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January 29, 2021


So the Rockies are trading Nolan Arenado. 


As part of the deal, they're sending in the neighborhood of $50 million to the Cardinals.

They're effectively -- heavy emphasis on the "effectively" -- agreeing to pay about a year and a half of Arenado's salary under the terms of the six years remaining on his much-ballyhooed eight-year deal.      


It's an indirect way of getting out from under the rest of the deal. But when he plays against Colorado this season, the Rockies effectively -- there's that word again -- will be paying him.   


Make sense?


Of course not.


It's a joke.

It will remain one regardless of how all the elements of the deal eventually shake out,  including the inevitable and preposterous propagandizing about how the undistinguished prospects coming to Colorado could include the next Nolan Arenado or even Ubaldo Jimenez, add strength-in-numbers depth and free up money for other signings (e.g., Trevor Story). 



The deal is so distasteful, someone involved must be planning another revival of "No, No, Nanette" for when Broadway reopens. 


It comes off as an Onion parody. But it's very real.


General manager Jeff Bridich is taking considerable heat for the deal he negotiated. But without getting into a spirited defense here, let me ask this: Does anyone really believe Bridich announced to Dick Monfort: I've decided to trade Nolan? The motivation, the impetus to explore or listen came from above after major financial losses in 2020 and prospects of additional red ink this season.


Absolutely, Bridich's own missteps and misjudgments contributed to the troubling state of the on-field product that also was the backdrop to the deal. See the mystifying and misplaced faith in especially Daniel Murphy and also Ian Desmond.  Shake your head about D.J. LeMehieu's exit. And more. His contentious relationship with Arenado wasn't Ivy League-bright, either, though it's unfair to say it was all Bridich's fault. 


But this is familiar. Dan O'Dowd played the good soldier for years, which is one of the reasons he lasted, only to eventually drop hints about constraints after his departure -- including as an MLB Network studio analyst. (For the crowning moment of O'Dowd's tenure, see my previous commentary.)


The Monfort ownership has not been cheap. It's not that simple. Arenado's contract itself was the latest demonstration of how's-that-for-cheap defiance, similar to when the Rockies signed Todd Helton to a deal that both locked him up but also was a bit of a financial albatross in the first baseman's twilight years.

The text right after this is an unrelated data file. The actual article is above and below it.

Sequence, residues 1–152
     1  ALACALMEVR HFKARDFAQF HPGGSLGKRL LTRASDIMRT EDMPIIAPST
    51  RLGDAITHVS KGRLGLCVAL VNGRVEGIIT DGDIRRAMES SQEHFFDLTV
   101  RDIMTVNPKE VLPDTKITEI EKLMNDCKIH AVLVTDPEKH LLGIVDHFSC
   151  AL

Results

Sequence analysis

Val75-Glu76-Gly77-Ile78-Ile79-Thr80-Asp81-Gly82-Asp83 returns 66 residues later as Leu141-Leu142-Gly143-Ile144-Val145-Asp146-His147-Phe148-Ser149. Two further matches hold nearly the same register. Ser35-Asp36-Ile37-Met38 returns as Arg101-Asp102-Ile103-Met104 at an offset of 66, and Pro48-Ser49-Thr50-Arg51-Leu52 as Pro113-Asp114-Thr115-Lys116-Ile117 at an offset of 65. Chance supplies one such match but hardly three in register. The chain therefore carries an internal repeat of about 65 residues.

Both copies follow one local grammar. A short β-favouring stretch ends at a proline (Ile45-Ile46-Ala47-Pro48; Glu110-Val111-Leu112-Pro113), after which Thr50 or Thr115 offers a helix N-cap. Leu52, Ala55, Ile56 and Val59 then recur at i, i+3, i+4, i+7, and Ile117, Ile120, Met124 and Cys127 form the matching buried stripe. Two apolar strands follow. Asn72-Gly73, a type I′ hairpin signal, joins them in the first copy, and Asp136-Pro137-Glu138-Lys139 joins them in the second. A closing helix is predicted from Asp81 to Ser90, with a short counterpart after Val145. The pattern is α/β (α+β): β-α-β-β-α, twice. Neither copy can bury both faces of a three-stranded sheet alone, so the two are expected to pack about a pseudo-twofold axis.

But the available resources have been mismanaged. The safety net with this approach is small. It requires competence in the decision-making, as with the Tampa Bay Rays, for example. It can be done. And here, the perception remains that the Monfort ownership is more than willing to take advantage of fans' willingness, even if it's begrudging, to make Coors Field the equivalent of an amusement park. (Say, Elitch's with a party deck.) That part is overstated, too, since there's nothing wrong with making personal entertainment choices that include visits to the park, whether you keep score and second-guess all the managerial decisions or can't name six Rockies without prompting from the scoreboard. Or, yes, you came to Coors to remind everyone in your section that you moved here from Chicago ... and aren't moving back.   


So every time the Rockies make a bonehead move, the call goes up for Coloradans to be more discerning consumers, to stop rewarding mismanagement and lack of ambition. That's an indvidual choice. And I'm writing here mostly as if the gates will be open and the seats could be filled this season. They won't be. No matter what, we know that.


Maybe you've noticed I haven't even tried to break down the trade and the possible final details, both prospects obtained by the Rockies and Cardinals' salary dumping involved. That's because at this point, it's beside the point. This is about trading one of the best five players in the game. Period. I don't need or want to break it down any more than that. The message it sends is horrendous.


In Denver, we've been able to watch Nathan MacKinnon, Nikola Jokic and Arenado -- all three among the very elite at their crafts -- in their overlapping careers. To an extent, we took it for granted.  For as much heat that the Kroenke ownership takes at times, especially for its refusal to take what it can get from Comcast to get Altitude back on the dominant cable supplier in the area, its commitment to try to win -- albeit in leagues with salary caps that mandate degrees of restraint -- can't be questioned. It's inconceivable that the Avalanche, for example, could be pressured to trade MacKinnon because of the horrendous toll of no spectators allowed and Altitude's hemorrhaging money minus the income from Comcast. (Maybe the Rockies should put their games on Altitude.)         


You're not going to get me to trash the Monforts, and not only because I've seen what the family has done in Greeley with Sunrise Community Health's Monfort Family Clinic and the Monfort Concert Hall ... and much more. I've been to the grave of, and written about, the first Richard "Dick" Monfort -- Dick's uncle, who died at age 21 during a World War II bombing mission in Europe.

The problem is that this isn't going to get any better. The losses during and coming out of the pandemic will continue to mount ... for at least a while longer. Those losses, of course, would be more than recouped in a sale of the franchise. And that's what has to happen now. Better management, from the ownership on down, to and through Bridich, certainly would have helped matters. But the Arenado deal is the tipping point.                   




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